Corrections or additions?
These articles by Barbara Fox were prepared for the
September 22, 2004 issue of U.S. 1 Newspaper. All rights
Life in the Fast Lane
Talk to those who have used the services of an expensive
career counselor, and they either paint a very happy
picture (they found the right job) or a very unhappy one
(they did not find the right job). Bernard Haldane
Associates, a half-century old career counseling firm, has
been portrayed both ways. The Princeton office of this
company has changed its name to Carnegie Career Partners,
says Barry Layne, who has taken his string of career
counseling offices away from the national firm. Based at
Princeton Overlook, Layne now has 11 offices under the new
name, compared to the 19 offices he had previously.
The decision to leave Bernard Haldane came, says Layne,
when he disagreed with that company’s policies. "We had
been around for quite some time. Most clients were happy
with the service. Yet we were unhappy with decisions that
the corporation was making. We chose to leave of our own
volition." Layne predicts that a new Bernard Haldane
franchisee will open in Central New Jersey soon under the
name BH Careers International.
"Our position is, we didn’t want to bad-mouth anyone.
Bernard Haldane has been around since 1947. The name was
such that we didn’t want it any more," says Layne. Seven
other franchisees left at the same time, together
accounting for about 35 of the former 100 Bernard Haldane
But Jerry Weinger, owner of the flagship Bernard Haldane
firm for 14 years, says that Layne’s departure "is in the
best interests of the organization," though he also says,
"I wish him well."
"Our product is superior, the systems are superior, and
our services are at a modest price," says Layne. Instead
of fees that ranged from $5,000 to $10,000, his new
company’s fees can go from $3,000 to $7,000, depending on
the services provided. "We certainly can’t guarantee a
particular salary, but we can tell you that we will work
with you and stay with you until a position is found under
Layne says he has a satisfaction guarantee that will
assure clients can get a refund based on a schedule they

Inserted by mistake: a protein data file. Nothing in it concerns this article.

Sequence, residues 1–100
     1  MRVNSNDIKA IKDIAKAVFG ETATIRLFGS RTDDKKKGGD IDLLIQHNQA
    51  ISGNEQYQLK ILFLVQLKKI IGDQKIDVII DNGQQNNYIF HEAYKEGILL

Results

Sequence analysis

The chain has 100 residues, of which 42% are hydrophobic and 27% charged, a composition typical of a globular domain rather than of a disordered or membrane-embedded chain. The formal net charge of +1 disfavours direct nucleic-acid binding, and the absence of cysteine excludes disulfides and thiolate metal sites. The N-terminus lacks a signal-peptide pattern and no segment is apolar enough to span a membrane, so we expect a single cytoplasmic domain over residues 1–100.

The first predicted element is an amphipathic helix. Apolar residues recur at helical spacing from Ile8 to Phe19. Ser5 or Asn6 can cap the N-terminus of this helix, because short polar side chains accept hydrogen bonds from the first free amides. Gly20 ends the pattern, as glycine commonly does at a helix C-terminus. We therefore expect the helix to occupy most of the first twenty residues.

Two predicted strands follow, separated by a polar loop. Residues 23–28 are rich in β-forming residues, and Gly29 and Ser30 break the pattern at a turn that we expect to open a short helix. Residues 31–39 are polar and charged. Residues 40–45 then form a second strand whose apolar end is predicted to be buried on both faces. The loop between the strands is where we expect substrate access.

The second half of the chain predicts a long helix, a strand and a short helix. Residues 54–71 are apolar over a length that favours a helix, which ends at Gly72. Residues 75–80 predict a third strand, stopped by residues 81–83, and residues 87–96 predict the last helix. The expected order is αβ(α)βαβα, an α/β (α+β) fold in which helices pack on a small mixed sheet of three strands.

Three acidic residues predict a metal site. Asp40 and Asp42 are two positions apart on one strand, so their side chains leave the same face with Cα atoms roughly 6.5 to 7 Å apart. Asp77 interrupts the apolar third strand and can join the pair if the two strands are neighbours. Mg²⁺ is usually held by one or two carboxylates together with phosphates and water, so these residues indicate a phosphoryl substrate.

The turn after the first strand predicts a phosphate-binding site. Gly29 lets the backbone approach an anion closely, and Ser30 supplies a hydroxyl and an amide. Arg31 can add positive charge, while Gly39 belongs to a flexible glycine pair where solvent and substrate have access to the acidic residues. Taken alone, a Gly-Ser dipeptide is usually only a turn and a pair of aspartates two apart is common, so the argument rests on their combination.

receive at their first appointment. No such guarantee
existed at the parent company until recently, says Layne.
He also offers a business intelligence product, called
Carnegie Advantage, which aims to predict what companies
are likely to be in a hiring mode in a particular market.
This Boston-based company monitors wire services and other
sources for real time business intelligence (on funding,
grants, purchase deals, and emerging businesses) and
assembles this data. "It makes the search easier in that
they know where to start, so they can at least start with
companies likely to be in hiring mode," says Layne.
Layne grew up in upstate New York, where his father owned
dry cleaning franchises, and went to State University of
New York at Albany. He had owned Corrugated Concepts, a
manufacturing and import company in Trenton, where he
developed a line of under-bed storage boxes and imported
closet accessories from China to be sold to mass merchants
such as K-Mart and WalMart. "I sold the company to a large
paper company in Pennsylvania and pondered my fate," says
Layne. "I went to the West Windsor public library to
research career moves and found an old ripped-up book by
Haldane on career satisfaction. I thought it was an
interesting process – how people can identify transferable
skills in a formal way – and learned he was the father of
the career consulting business."
He met with the manager of the closest office and then
with the chairman in New York City. "He told me I would be
a natural and the New Jersey territory would be available.